Research News

Study finds many colleges report inaccurate living expenses

June 08, 2015

An article in U.S. News and World Report references a paper, titled "The Costs of College Attendance: Trends, Variation, and Accuracy in Institutional Living Cost Allowances," which is co-authored by UW-Madison’s Sara Goldrick-Rab.

The paper is co-written with Robert Kelchen, an assistant professor of higher education at Seton Hall University and a WISCAPE affiliate, and Braden J. Hosch, an assistant vice president at Stony Brook University. Goldrick-Rab is a professor of educational policy studies and sociology. She also is a senior scholar at the Wisconsin Center for the Advancement of Postsecondary Education (WISCAPE) and the founding director of the Wisconsin HOPE Lab.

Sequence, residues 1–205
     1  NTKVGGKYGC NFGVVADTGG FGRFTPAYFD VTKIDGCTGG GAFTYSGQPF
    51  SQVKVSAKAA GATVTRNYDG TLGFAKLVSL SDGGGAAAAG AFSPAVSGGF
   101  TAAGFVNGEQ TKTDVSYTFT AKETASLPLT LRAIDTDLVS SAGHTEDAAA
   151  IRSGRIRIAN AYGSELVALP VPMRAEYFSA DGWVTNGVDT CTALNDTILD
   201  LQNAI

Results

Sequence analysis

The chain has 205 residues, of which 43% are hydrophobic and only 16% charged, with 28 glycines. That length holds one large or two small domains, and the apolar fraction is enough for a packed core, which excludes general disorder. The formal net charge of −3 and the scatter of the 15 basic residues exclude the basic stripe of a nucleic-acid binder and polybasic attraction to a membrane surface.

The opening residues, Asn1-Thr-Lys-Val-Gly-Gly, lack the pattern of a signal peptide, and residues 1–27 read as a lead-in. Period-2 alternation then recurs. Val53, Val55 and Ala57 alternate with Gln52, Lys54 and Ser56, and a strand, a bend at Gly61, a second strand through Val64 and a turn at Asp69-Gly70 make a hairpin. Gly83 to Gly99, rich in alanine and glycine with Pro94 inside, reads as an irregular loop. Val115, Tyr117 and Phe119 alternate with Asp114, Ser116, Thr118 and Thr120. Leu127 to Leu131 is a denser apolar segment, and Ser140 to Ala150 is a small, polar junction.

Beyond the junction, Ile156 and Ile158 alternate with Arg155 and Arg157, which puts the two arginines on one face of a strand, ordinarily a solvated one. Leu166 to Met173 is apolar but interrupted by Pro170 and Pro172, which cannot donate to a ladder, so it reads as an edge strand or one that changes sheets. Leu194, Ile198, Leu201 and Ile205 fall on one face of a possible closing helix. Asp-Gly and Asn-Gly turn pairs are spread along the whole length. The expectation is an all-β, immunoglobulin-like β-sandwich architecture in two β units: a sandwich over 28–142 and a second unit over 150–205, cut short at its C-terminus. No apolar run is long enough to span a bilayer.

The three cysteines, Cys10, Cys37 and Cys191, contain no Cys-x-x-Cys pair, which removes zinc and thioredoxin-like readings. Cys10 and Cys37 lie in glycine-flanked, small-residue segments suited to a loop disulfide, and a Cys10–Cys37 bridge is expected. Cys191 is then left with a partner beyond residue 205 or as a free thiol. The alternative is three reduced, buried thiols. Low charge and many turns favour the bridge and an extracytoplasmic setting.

In their research, the authors found higher education institutions’ cost-of-living estimates to be highly variable, even among colleges and universities located virtually right next to each other. The estimates, the researchers determined, were low for about 30 percent of colleges and high for another 11 percent.

The article explains that calculating living costs is “more than a matter of academic debate,” as is has a very real impact on student financial aid.

"Your ability to take out federal loans is compromised if your school has underestimated what it costs to live," says Goldrick-Rab. "You're capped at the cost of attendance. It leads to ugly conversations between students and college financial aid officers, where the student says, 'I don't have enough money,' and the financial aid officer says, 'You have to learn how to budget.' And the student leaves with no recourse."